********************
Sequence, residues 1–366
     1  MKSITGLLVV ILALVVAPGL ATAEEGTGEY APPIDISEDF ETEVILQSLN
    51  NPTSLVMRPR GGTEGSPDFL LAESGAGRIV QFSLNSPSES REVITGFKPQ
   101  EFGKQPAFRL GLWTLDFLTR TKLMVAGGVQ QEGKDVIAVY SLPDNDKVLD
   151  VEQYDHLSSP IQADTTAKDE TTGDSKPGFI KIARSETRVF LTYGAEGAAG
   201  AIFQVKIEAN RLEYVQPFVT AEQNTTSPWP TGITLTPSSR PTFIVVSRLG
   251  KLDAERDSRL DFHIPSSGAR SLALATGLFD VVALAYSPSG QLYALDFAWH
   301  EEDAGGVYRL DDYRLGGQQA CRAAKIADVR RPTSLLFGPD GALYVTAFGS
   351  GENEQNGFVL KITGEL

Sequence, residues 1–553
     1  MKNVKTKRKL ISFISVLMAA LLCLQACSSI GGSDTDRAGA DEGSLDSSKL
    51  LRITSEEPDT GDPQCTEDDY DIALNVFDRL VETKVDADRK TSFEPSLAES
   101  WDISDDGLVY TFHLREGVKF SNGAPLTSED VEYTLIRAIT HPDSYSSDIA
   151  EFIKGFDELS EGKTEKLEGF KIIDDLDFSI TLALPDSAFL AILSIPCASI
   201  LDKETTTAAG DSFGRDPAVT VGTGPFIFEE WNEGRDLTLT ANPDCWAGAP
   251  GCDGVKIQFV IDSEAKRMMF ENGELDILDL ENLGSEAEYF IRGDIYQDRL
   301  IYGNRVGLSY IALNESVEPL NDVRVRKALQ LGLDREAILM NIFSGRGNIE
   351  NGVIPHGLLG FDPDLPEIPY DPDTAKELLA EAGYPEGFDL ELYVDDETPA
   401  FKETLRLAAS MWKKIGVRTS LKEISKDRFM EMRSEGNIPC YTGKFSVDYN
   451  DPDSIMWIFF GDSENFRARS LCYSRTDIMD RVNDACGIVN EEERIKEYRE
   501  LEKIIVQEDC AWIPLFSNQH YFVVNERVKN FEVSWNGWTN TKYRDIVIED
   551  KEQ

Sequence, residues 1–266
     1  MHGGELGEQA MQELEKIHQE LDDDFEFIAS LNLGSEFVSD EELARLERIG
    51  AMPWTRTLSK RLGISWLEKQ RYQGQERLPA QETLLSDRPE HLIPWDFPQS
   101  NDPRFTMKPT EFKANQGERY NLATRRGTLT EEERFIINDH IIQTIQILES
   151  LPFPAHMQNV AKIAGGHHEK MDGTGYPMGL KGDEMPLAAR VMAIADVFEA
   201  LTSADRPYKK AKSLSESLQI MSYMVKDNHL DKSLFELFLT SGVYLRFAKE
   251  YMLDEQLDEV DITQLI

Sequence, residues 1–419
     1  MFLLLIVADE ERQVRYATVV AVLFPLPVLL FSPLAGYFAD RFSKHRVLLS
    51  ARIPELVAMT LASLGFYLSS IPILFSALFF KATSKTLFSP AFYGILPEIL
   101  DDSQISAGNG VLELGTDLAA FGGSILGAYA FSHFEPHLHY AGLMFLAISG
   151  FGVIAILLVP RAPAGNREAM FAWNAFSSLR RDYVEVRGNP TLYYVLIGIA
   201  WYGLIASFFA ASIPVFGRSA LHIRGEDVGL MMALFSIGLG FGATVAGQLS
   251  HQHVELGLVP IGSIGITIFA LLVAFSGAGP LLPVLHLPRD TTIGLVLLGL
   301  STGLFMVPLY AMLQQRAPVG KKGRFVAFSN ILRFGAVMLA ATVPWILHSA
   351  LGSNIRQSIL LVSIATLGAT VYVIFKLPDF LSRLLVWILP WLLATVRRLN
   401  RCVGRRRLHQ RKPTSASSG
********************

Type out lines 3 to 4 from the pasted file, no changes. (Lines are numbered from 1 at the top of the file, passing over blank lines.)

    51  NPTSLVMRPR GGTEGSPDFL LAESGAGRIV QFSLNSPSES REVITGFKPQ
   101  EFGKQPAFRL GLWTLDFLTR TKLMVAGGVQ QEGKDVIAVY SLPDNDKVLD